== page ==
Art critic Morf Vandewalt (Jake Gyllenhaal) is used to judging work, but in upcoming horror film Velvet Buzzsaw, out on Netflix Feb. 1, the artwork's judging right back. Vanderwelt and former punk-turned-art world bigwig Rhodora Haze (Rene Russo) conspire to turn pieces by an unknown artist named Vetril Dease into the next big thing, burnishing their own reputations and lining their pockets nicely to boot. But the eerie images the artist left behind in death take on a disturbing life of their own in the art market, infecting other pieces in the collections around them with murderous intent. It's clearly a satire of art world cliquishness and greed, but is Vetril Dease in Velvet Buzzsaw based on a real artist? While Dease wasn't a real vengeful artist, there are several references to real spaces, works, and people in the film, so let's break it down. Spoilers ahead.
The "newly-discovered" artist Vanderwelt declares fascinating without really caring about his intent literally put his body and soul in his work. It's discovered that he was mixing body fluids into the base paint, his paintings become conduits for his spirit to take revenge on shallow art world folk who only care about prestige and money, not the meaning or emotion of the works they glibly trade.
Gross as it may seem to some, there's a long history of artists using body parts and fluids in their work. Andres Serrano's 1987 "Immersion (Piss Christ)", a photo of a crucifix suspended in the artist's urine, was still raising hackles in 2013 when Huffington Post reported that members of the Catholic League were protesting it. Starting in 1991 artist Marc Quinn cast his own blood into frozen busts of his face for his work "Self," and there's a strong history since the '70s of artists using menstrual blood in installations and works, as Hyperallergic details.
The works infected by Dease's vitriolic paintings in Velvet Buzzsaw include sculptural pieces by famous (and highest-selling) modern artist Piers, played by John Malkovich. A recovering alcoholic whose work has taken a nosedive since he got on the wagon, his large, shiny sculptural pieces and level of pop-culture awareness and popularity mirror sculptor Jeff Koons, whose bright, metallic balloon dogs and recent gazing balls are strikingly similar in design. Another pop-art painting that leeches its color to attack and tattoo a gallery-goer looks like one of Damien Hirst's 'Splatter' series.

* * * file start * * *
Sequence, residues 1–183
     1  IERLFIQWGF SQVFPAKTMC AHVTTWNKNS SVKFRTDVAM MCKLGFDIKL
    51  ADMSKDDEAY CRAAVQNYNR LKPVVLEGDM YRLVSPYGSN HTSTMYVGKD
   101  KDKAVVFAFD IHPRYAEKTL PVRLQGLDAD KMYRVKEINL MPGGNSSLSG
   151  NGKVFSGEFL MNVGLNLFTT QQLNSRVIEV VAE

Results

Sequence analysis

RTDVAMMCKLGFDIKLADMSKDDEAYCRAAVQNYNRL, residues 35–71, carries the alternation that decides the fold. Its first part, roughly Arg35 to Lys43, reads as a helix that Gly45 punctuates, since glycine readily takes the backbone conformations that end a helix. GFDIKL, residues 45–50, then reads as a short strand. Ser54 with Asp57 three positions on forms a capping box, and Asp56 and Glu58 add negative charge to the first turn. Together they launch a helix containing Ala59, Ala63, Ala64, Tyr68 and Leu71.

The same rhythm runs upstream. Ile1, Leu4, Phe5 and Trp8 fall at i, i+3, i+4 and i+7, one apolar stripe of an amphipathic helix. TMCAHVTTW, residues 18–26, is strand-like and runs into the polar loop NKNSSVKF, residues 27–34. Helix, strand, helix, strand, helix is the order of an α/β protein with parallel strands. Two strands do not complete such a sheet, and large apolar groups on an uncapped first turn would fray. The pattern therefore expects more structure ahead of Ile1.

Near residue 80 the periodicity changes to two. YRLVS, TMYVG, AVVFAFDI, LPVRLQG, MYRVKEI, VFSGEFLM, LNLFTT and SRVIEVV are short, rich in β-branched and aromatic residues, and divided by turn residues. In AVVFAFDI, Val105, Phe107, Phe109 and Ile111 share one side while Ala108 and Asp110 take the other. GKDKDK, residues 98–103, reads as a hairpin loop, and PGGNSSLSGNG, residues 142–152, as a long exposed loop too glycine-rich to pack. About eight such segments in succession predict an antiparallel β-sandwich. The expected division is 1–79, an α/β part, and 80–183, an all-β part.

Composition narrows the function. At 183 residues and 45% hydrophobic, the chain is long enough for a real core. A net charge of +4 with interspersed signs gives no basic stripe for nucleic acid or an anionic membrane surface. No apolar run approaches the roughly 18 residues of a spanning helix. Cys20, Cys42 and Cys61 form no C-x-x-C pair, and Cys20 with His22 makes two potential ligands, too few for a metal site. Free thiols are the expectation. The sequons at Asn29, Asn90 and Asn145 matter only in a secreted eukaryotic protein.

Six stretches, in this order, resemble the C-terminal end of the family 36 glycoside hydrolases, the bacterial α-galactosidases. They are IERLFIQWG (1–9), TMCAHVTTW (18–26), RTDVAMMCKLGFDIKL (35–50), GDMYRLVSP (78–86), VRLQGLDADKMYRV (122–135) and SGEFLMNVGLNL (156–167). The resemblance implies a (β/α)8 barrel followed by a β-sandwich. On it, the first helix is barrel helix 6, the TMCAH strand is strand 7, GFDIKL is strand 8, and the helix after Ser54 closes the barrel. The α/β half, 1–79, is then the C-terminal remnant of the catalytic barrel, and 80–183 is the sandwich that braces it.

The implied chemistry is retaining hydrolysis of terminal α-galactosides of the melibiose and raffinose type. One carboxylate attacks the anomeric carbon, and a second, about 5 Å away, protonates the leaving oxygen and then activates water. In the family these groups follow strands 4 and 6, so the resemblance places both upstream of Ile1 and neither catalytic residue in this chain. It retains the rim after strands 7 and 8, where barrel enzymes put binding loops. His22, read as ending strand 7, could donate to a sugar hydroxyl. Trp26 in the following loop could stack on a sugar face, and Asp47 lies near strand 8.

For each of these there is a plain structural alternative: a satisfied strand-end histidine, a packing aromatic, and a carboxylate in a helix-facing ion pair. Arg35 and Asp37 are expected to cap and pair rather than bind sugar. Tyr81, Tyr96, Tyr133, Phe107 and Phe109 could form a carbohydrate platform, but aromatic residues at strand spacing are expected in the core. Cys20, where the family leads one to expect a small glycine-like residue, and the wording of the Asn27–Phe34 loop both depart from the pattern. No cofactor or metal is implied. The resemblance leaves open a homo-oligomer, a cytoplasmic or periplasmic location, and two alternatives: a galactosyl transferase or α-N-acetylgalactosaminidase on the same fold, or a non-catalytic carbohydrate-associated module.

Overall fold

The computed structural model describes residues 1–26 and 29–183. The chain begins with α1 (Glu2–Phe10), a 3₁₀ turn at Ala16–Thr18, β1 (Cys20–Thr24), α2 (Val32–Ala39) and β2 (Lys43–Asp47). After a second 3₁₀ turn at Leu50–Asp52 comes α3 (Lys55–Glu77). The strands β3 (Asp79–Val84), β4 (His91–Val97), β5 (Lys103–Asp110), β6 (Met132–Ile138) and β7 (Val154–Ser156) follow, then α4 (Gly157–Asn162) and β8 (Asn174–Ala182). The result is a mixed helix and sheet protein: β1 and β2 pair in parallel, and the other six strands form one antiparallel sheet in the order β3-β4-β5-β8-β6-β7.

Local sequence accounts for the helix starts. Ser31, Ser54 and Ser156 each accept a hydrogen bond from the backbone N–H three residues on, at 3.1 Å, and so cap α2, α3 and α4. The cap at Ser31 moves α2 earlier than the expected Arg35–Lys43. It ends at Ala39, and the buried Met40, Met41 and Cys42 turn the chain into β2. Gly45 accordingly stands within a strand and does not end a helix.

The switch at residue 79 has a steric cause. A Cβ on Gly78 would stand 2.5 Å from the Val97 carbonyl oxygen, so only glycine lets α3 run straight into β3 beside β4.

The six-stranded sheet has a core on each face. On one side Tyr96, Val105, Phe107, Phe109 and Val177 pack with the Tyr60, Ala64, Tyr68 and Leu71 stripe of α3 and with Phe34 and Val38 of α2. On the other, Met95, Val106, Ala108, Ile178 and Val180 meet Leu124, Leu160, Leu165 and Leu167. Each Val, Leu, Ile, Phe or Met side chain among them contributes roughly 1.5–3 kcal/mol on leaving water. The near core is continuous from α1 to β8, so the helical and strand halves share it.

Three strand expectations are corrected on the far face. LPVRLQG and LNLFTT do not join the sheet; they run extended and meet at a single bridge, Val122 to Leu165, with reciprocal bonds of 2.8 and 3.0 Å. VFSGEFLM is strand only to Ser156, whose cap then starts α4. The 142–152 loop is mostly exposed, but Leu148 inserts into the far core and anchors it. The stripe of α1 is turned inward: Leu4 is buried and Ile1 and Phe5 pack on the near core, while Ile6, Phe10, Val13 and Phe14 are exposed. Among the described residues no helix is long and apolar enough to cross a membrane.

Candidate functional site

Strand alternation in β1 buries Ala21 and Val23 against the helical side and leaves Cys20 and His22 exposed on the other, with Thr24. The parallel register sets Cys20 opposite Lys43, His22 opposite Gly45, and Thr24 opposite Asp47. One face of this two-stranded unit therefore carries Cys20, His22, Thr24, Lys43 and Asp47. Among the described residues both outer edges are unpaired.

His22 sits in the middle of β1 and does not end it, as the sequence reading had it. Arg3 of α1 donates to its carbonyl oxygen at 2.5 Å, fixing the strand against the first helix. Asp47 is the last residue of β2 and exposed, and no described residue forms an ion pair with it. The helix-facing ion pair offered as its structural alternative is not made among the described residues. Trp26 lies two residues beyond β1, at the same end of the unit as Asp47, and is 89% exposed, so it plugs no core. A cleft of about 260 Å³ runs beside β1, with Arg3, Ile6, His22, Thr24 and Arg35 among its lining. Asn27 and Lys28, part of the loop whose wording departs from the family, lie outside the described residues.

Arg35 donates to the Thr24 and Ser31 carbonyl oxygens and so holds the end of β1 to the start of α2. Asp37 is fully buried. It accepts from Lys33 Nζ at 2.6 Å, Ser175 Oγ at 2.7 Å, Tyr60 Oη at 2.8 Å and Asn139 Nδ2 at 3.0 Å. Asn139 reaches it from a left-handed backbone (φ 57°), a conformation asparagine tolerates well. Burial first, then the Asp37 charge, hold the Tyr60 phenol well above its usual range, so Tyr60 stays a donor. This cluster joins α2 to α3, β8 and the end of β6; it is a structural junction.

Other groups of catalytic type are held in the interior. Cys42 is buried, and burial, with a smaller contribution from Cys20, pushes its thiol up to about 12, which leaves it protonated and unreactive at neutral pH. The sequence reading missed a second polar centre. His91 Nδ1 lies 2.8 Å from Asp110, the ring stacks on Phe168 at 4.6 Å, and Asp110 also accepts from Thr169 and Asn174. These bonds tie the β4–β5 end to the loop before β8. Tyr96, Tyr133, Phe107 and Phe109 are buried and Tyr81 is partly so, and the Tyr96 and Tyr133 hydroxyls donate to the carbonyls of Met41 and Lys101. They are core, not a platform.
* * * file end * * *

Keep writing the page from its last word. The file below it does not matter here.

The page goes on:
Interestingly, director Dan Gilroy, who worked with Gyllenhaal and Gilroy's wife Russo previously on Nightcrawler, named a specific and well-known modern art space as the inspiration for Velvet Buzzsaw's entire concept. Speaking to Vanity Fair, Gilroy says he came up with the idea of being attacked by art when he found himself alone at upstate New York's Dia: Beacon gallery of contemporary art. "It was the Tuesday after Christmas, at about 5 o'clock in the afternoon, and no one was there... I wound up in the basement in a video installation with, like, dentist chairs and rats running around. And I just thought, ‘Man, this would be a great place for a horror movie."
That piece was Bruce Nauman's 'Mapping The Studio I (Fat Chance John Cage), a way for the artist to map leftover parts and workspaces of works completed and incomplete, and you can still see it at Dia if you're in the area. And don't worry — the odds of you getting attacked by modern art in any sense except mentally is slim to none. As for Velvet Buzzsaw, the comeuppance of art on those in it for money might make you feel better about only being able to appreciate, not afford, the works.